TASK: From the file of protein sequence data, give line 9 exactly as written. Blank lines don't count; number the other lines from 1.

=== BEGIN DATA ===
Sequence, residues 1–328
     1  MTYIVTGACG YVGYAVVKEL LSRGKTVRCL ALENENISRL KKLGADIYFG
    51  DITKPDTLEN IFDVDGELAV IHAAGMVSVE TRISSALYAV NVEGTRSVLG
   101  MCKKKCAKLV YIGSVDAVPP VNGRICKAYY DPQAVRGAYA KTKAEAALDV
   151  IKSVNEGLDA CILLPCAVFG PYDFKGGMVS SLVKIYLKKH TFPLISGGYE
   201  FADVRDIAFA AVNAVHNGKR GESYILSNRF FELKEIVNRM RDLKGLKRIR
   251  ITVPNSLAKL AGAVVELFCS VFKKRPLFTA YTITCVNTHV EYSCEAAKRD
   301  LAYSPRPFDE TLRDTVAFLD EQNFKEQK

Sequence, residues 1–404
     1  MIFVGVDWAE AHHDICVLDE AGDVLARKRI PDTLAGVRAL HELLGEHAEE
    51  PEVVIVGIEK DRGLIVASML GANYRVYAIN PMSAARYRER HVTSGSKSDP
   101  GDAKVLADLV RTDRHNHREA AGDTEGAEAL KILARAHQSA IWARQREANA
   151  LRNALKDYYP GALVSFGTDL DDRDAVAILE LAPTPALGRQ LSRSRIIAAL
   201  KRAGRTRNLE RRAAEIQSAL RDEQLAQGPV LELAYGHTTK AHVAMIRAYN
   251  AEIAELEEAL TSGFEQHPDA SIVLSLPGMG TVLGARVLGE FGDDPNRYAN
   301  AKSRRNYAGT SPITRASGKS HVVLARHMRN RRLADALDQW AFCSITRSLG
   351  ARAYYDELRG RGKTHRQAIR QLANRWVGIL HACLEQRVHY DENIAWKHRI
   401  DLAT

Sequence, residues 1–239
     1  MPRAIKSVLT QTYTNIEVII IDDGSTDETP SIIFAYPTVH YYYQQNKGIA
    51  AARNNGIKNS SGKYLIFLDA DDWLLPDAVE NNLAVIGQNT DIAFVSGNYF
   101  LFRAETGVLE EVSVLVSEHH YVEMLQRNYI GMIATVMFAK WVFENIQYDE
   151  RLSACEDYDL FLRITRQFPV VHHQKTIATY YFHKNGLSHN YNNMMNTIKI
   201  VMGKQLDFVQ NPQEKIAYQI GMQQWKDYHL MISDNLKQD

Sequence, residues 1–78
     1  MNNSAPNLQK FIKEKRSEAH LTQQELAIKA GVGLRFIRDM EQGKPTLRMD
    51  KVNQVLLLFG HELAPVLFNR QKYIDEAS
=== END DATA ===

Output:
Sequence, residues 1–404